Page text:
have only a small tabletop model if requirements call for only 8-by 10-inch portraits, i.e., post commander and
staff, chain of command, and for promotion purposes for soldiers in the grade of E6 and above.
Remember that the function of a processor is to give efficient and uniform development to the material
being processed and the purpose is to handle a greater volume of material in less time and with more consistent
The economies in staff, materials, and time that may result from using a processor are not always readily
apparent. Consultation with a manufacturer's technical or sales representative can be extremely valuable in
deciding whether your lab actually needs an automatic processing machine and when to invest in one.
Learning Event 2:
DESCRIBE THE OPERATION OF THE AUTOMATIC PRINT PROCESSOR
The basic processor is one that will develop, fix, wash and dry a print in a specified amount of time. It is the
same as processing in a tray.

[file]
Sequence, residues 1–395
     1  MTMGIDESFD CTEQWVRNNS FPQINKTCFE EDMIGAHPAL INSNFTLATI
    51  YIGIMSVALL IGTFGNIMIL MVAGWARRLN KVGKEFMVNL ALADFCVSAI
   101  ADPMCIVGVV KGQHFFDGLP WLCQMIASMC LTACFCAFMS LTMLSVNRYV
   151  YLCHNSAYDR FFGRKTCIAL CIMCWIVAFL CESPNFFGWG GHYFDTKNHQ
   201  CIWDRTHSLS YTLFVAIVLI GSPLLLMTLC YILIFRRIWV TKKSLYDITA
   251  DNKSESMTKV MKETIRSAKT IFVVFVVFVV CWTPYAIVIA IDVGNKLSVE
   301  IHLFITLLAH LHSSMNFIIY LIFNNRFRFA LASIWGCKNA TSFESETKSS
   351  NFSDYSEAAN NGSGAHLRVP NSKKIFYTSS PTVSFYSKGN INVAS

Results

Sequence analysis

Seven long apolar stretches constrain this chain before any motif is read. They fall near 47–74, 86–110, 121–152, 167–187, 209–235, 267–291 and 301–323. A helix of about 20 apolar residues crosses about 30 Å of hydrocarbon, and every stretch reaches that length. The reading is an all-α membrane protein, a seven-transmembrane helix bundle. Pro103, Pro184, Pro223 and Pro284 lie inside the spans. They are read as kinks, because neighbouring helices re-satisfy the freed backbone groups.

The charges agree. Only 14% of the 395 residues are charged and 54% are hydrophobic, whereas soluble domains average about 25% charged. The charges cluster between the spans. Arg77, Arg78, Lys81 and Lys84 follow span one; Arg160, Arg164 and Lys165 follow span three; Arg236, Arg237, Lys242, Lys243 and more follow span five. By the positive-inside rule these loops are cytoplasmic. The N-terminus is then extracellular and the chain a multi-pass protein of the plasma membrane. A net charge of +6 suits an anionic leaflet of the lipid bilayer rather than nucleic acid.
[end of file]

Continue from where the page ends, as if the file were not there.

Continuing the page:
Processors come in many shapes and sizes but all operate in the same manner using conventional
chemistry depending on the type of material being processed, i.e. Kodak Ektacolor 74 and 78 RC Papers in
Kodak Ektaprint 2 and Ektaprint 3 chemicals or Kodak RC B&W Print Papers in Kodak D-76 B&W chemical
Material to be processed is inserted into the processor and transported through the machine by a series
of rollers or by a belt-driven system which needs a leader. The paper is transported through the various chemical
solutions; wash section, and finally the dryer section. It then exits the processor onto a roller or basket. The
only exception to this is the processor that uses the stabilization process which will be discussed later.
High-volume processors automatically control temperature, timing, and cycling throughout the process.
The most modern and complex processors are computer-controlled by stored programs; punched card, disk or
tape, and electromechanical timer-thermostat devices.
Print processors that handle sheet materials commonly use either roller-transport systems or baskets
connected to belts or chains; mesh dividers keep prints separated in each basket.
The primary task of the operator is to prepare, start, and stop the processor; feed print material in; and
remove the finished results. Operating personnel may also monitor results by making periodic checks and tests at
various processing stages, and adjusting processor operation accordingly.
Operation of a Continuous Print Processor includes the following steps:
a. Paper is fed into the feed entrance (fig 1-4) or attached to a clip which is fastened to a belt (fig 1-5).